Thursday, December 15, 2011

Spyeye function name hashing(masm32)

In my last post I had written a C program to find the corresponding hashes of the function names - I spent the morning writing the same in masm32. The following code isn't that good though; i'm pushing and popping all registers just because im too lazy to lookup which registers get destroyed(print destroys ecx and edx?).

You can find the code here.

Wednesday, November 30, 2011

Spyeye function name hashing

I have been analyzing SpyEye for a while now and like most malware/shellcode around today, it looks around for functions based on the hash of the name it calculates. Below is a small snippet the I used to figure out how the hashes map to various functions - its not much; an masm32 script that locates kernel32 from the InInitializationOrderModuleList, gets to the export table, then to the function names might be the better way to do this. In anycase, here goes :-

$ strings kernel32.dll | sort | uniq > kernel32names
$ cat findnames.c
char line[100];
int y;
char flag = 0;
int stuff =0 ;
void process() {
asm(".intel_syntax noprefix\n");
asm("mov ecx, offset line\n");
asm("mov edx, ecx\n");
asm("mov cl, [edx]\n");
asm("xor eax, eax\n");
asm("jmp A\n");
asm("test cl, cl\n");
asm("jz B\n");
asm("movsx ecx, cl\n");
asm("rol eax, 7\n");
asm("xor eax, ecx\n");
asm("inc edx\n");
asm("mov cl, [edx]\n");
asm("jmp A\n");
asm("mov ecx, offset stuff\n");
asm("mov [ecx], eax\n");
int main() {
FILE *fp = fopen("kernel32names", "r");
int ch;
int index = 0;
while((ch=getc(fp))!=EOF) {
if(ch == '\n') {
flag = 0;
line[index] = '\0';
index = 0;
y = 0xA48D6762;
switch(stuff) {
case 0xA48D6762: 
case 0x6E72656B: 
case 0x32336C65:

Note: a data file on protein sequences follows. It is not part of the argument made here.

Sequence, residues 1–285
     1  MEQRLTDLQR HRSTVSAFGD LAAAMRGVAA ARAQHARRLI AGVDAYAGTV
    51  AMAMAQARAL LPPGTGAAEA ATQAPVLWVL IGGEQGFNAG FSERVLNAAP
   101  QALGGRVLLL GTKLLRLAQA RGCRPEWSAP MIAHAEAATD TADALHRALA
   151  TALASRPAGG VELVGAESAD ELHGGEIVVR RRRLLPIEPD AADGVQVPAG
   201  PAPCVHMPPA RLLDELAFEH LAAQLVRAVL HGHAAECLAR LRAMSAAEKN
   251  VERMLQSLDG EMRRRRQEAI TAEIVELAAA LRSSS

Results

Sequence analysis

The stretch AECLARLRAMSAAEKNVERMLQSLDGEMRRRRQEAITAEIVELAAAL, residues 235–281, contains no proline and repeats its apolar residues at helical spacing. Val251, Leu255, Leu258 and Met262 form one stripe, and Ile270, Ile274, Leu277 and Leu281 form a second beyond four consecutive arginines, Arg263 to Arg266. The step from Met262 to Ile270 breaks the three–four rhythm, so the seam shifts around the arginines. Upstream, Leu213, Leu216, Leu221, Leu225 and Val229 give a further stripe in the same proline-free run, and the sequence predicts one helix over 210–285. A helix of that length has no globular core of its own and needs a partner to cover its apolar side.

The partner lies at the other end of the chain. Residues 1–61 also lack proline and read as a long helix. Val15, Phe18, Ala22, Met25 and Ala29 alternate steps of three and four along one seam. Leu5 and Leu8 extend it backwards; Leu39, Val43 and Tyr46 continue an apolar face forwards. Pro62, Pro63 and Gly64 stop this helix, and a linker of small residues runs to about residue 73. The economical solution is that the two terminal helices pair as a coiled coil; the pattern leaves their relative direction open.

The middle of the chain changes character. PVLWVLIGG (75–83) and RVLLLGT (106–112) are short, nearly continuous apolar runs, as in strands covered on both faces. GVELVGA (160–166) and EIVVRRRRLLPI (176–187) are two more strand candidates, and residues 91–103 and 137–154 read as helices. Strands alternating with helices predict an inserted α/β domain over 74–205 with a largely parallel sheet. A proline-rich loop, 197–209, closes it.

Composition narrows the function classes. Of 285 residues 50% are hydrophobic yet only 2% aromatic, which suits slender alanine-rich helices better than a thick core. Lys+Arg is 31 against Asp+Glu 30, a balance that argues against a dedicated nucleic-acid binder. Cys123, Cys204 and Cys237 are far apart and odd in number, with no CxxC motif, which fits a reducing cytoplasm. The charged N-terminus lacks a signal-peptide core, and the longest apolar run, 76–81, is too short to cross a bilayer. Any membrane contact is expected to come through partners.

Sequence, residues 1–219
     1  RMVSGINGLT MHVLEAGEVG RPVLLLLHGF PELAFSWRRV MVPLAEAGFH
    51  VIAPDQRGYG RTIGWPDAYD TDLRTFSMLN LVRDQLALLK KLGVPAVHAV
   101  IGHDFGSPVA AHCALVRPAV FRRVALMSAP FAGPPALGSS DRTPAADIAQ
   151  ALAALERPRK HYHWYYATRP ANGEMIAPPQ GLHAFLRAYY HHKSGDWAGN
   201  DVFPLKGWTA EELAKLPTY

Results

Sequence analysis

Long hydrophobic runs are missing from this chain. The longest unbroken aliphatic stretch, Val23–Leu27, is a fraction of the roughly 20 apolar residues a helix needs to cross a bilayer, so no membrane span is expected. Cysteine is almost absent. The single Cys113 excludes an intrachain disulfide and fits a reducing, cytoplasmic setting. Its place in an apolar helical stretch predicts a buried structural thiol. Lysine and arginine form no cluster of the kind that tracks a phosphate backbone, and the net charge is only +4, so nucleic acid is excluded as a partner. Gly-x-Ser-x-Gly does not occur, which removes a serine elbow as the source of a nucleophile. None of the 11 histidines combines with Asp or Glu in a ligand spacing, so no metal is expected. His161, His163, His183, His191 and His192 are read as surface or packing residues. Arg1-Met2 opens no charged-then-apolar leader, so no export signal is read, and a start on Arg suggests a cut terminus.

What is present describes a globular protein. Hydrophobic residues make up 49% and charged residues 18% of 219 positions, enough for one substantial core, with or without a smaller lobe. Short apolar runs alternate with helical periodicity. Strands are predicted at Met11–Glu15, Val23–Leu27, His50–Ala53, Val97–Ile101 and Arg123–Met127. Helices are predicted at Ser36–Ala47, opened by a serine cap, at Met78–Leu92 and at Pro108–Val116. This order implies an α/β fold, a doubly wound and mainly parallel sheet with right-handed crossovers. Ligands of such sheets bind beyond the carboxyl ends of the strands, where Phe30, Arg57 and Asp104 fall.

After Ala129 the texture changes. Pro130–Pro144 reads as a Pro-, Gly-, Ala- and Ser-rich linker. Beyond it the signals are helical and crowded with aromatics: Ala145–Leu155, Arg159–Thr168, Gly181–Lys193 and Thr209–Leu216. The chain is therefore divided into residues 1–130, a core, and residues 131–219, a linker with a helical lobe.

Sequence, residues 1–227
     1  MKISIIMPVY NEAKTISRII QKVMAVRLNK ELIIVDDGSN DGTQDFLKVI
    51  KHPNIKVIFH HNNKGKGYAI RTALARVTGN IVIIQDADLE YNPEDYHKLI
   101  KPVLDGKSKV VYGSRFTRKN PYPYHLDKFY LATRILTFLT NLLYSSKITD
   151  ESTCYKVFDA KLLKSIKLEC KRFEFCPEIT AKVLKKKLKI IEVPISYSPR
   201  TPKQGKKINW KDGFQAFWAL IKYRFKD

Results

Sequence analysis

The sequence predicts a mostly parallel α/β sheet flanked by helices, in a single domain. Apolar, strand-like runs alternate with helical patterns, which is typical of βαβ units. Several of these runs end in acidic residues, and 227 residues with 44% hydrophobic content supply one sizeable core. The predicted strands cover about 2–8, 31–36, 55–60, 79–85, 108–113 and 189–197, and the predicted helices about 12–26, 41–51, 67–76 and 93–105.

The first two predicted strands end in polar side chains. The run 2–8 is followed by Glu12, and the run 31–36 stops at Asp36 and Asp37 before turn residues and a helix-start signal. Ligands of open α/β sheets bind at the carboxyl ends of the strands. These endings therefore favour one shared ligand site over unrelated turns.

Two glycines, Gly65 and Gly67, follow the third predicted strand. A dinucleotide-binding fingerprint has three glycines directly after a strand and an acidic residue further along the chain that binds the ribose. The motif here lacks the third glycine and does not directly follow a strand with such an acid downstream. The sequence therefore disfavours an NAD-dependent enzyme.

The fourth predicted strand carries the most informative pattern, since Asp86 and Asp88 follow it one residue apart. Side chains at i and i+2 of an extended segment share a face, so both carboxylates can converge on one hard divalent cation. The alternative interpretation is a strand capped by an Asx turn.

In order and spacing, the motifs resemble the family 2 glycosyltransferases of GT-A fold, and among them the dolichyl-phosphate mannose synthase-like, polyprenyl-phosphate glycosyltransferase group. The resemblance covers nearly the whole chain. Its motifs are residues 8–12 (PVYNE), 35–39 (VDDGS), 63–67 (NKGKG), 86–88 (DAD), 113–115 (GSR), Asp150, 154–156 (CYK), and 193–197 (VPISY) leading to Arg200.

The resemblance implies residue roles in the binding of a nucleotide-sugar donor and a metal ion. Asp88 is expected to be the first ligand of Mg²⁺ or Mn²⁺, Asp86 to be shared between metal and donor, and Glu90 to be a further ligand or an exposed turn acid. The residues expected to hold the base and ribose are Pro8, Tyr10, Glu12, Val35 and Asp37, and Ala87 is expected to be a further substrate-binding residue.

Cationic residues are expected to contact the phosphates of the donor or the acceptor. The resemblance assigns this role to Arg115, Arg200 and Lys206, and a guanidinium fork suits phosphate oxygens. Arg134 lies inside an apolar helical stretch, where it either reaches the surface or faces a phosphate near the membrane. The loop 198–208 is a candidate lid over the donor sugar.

case 0x6C6C642E:
case 0x6A582465:
case 0x20088E6A:
case 0x6C64746E:
case 0x4C44544E: 
printf("stuff=%08x\t line=%s\n", stuff, line);
stuff = 0;
else {
line[index] = ch;
$ gcc -o findnames findnames.c -masm=intel
$ ./findnames
stuff=a48d6762 line=GetModuleHandleA
stuff=20088e6a line=LoadLibraryExA
stuff=6a582465 line=VirtualQuery

Friday, October 28, 2011

Using NtGlobalFlag

This is probably not the right way to go about implementing a NtGlobalFlag check in a exe; I looked around a bit but couldn't find anything else so I decided to go about using Ollydbg to do some manual patching. Like I said, probably not the best way - I just did this for fun. If you know a better way to do this, it would be awesome if you could take a few minutes and let me know in the comments section below.

I did not wanna write assembly from the scratch so I compiled the following code.

void blah() {
int x,y,z;
int main() {
printf("no debugger present\n");
return 0;
printf("debugger present\n");
Did a binary patch and fill the rest with NOPs ...

and ran it ...

There are loads of posts out there describing ways to circumvent this - so yeah thats about it for this post.

Using inline assembly is probably the right way to go about doing this.

Sunday, October 16, 2011

github repository

From now on I've decided to upload all the malware analysis files into github repositories. Find them here.

Thursday, October 13, 2011

analyzing 8008bf0a06a0ba4dca1c881f4955acc8

Recently, I started analyzing pdf-malware. I got myself a pdf to analyze from; the hash of the pdf is 8008bf0a06a0ba4dca1c881f4955acc8